Day 19

Hello again! This is Hannah Twedt the social work major. But I decided that social work is not what I am going to do, and I am moving to Africa to become a Safari driver because the animals and beauty here are so awesome! Plus I love animals; it has been hard to keep my excitement in when I've seen different animals!   I wish I could become a driver, but unfortunately I cannot. So I will stick with social work!  

Today was another awesome day, like every other day.  We got up at the ungodly hour of 5:15, ate breakfast and headed out in to the Bushmen lived.  Our first drive was about an hour long ride to the first group of Bushmen.  They were nomads that moved with the animals and they spoke with a click language. We walked up and they lived in a HUGE boboa tree. This tree at least 10 or more grown men linked together to be able to reach around it. The inside was howled out and they were cooking on the inside. We helped them make fire by rubbing sticks together.  Then they then took us on to a hunt. The night before they had shot a dik dik antelope, which is the smallest type of antelope there is. We were amazed because they tracked the dik dik from out in the middle of nowhere by used hoof prints and a blood trail that none of us saw when they pointed it out.  They gutted it right there made a fire and had a nomad BBQ, they ate everything—the heart, liver, intestines, bladder I mean everything!  Then they took the rest of the meat to the women who were going to cook it up. This is why people get worms! We went back to their camp and they had us shoot bow and arrows that they made out of sticks and the dik dik tendons. It was super fun, we all felt like Robinhood. After wards we made our way to another group of people who were shepherds and farmers. We helped the women grind corn, and went and saw the men black smith. For them having nothing it was very impressive. They even used their feet to forage things! It was really interesting to see how little they have but they get the same results as someone with the technology would.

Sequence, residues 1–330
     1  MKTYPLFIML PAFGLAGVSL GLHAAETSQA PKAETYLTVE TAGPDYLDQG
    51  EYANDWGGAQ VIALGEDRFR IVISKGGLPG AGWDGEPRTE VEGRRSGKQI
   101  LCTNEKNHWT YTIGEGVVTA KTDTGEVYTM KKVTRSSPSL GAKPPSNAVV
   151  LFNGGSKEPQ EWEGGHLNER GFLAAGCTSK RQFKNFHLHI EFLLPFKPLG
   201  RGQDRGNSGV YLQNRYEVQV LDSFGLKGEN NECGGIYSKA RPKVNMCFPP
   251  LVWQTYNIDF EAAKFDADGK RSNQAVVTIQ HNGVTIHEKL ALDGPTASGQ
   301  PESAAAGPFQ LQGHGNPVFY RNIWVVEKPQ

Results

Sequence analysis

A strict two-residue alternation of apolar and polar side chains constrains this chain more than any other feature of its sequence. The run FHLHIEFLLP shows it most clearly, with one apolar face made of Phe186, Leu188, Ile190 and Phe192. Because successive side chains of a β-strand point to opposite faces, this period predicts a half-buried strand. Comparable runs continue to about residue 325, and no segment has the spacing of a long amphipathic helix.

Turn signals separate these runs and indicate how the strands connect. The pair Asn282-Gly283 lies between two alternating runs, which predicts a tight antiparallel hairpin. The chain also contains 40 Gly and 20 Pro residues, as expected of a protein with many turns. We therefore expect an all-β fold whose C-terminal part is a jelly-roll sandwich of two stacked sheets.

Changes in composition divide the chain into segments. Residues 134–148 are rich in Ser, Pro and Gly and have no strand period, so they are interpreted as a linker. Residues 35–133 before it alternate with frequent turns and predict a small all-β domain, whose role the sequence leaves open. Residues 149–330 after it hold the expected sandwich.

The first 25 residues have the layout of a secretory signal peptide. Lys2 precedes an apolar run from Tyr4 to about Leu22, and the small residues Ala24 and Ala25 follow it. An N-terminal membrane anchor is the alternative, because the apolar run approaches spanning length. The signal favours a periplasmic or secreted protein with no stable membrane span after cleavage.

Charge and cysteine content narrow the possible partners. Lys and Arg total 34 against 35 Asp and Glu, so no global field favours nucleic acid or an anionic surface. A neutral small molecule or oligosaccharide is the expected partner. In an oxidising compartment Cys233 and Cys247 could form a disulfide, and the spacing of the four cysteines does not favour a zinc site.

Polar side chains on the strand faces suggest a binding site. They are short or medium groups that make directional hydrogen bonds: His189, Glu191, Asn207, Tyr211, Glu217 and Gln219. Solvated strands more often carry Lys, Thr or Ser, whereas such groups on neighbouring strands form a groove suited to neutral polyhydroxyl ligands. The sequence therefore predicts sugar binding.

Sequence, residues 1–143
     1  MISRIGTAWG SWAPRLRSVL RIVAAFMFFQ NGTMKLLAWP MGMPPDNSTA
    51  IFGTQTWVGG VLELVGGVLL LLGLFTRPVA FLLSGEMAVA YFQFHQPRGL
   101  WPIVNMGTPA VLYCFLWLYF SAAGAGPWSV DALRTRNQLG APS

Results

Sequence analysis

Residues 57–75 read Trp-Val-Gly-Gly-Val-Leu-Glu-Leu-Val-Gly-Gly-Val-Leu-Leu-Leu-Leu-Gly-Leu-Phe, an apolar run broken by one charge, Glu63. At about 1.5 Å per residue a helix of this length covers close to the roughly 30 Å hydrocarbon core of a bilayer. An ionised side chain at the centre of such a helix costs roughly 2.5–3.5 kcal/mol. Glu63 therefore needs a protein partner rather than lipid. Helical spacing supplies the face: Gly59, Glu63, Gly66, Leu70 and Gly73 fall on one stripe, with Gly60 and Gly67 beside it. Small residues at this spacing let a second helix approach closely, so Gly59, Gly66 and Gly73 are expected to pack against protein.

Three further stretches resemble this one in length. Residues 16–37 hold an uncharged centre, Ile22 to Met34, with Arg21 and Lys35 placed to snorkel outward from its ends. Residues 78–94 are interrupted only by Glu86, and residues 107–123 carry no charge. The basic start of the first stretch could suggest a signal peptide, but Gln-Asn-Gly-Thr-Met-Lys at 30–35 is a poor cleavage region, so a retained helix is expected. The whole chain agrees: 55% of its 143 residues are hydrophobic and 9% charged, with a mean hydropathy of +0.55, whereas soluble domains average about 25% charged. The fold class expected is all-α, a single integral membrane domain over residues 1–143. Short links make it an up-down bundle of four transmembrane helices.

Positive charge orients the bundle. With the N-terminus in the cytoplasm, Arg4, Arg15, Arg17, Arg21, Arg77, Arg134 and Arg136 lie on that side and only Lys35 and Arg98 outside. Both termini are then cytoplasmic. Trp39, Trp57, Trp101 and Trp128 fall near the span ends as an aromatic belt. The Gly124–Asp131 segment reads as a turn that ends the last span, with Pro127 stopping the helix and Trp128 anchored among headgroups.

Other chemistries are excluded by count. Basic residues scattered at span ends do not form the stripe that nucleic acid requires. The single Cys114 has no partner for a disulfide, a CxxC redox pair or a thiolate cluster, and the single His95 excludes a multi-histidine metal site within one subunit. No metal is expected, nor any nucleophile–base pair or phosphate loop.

We headed back to our lodge ate lunch and headed out to the elephant cave.  We got to the mouth of the park and headed on to our hike to the cave. It was beautiful. We hiked up a small mountain that had trees and fauna that reminded me of a giant rain forest. The trail that we walked on was the path that the elephants and the water buffalo take to get to the cave. So we had to be really careful of elephant poo! We purposely went at that time of the day so that we didn't meet any elephants along the way or we would have been trampled.  At one point we could see across a valley that was covered in coffee bean fields.  We made it to the elephant cave well, it used to be a cave. But because of the heavy rain fall this year the cave "caved in." So it looked more like a giant mud slide. The elephants and other animals go there to get the special minerals that lie in rock. There were tons of baboons that were licking the rocks to get the minerals. They were so funny, especially the babies. They played together and would tumble down the hill and run back up, and roll back down. It was entertaining! We then hiked to a water fall. We were at the top of it, so we could not really see it that well. But it was still beautiful; it was a two part waterfall. The top was about 40 meters tall and the second layer of waterfall was only 20 meters tall. All the same God made some really beautiful places on this earth and Tanzania is one of them. I have been blessed so much by all of these wonderful ladies and the Tanzania people. I will never forget them and the memories that I have made and the lessons that I have learned. I will see you Tuesday everyone!


















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